The package will develop young people’s resilience to protect themselves against these risks by using films, role plays and interactive activities about grooming behaviours and controlling relationships.
Merseyside Police has been working with young person’s charity, Ariel Trust, in Liverpool as well as safeguarding experts from all five local authorities, who have helped to fund the scheme, as well as the NSPCC to create the free educational service.
Ariel Trust Director, Paul Ainsworth, told JMU Journalism: “Even though there are many different resources out there for raising awareness, there are questions about how much they can actually change behaviour.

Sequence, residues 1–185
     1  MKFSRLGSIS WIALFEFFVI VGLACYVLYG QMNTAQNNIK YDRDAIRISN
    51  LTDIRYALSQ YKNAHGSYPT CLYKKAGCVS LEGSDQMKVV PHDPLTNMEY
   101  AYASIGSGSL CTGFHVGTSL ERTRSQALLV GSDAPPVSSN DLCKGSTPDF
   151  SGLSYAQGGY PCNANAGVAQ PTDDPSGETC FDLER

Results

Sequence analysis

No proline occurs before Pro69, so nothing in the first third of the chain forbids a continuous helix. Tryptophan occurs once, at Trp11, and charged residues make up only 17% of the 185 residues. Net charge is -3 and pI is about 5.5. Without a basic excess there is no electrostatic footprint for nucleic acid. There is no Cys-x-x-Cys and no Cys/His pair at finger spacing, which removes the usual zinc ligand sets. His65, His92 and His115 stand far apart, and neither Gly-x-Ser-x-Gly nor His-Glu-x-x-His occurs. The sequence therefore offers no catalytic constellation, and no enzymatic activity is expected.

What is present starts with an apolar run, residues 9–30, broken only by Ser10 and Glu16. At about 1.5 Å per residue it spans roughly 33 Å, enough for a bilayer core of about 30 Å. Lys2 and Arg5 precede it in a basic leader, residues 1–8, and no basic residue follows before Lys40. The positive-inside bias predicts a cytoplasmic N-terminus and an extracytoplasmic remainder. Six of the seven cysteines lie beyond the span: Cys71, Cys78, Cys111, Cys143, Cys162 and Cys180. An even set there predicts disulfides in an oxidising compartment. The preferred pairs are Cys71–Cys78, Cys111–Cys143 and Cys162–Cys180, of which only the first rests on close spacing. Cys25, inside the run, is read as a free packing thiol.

“The reason why the Safe Skills project is unique is because it has been developed by children in Merseyside for children in Merseyside and helps give them the relevant and proactive skills and strategies to know how to behave if they are in a risky situation.”
YouTube: Ariel Trust
Detective Superintendent Dave Brunskill, from Merseyside Police’s Protecting Vulnerable People Unit, said: “Sexual exploitation exists in lots of different forms and it is not always obvious to the victim when it first starts happening. Groomers use the cloak of anonymity the web provides to hide who they really are and the real reason they are befriending them.
“Once they have won the victim’s trust, they can exploit them for sexual or financial gain and the consequences for that young person can be dreadful.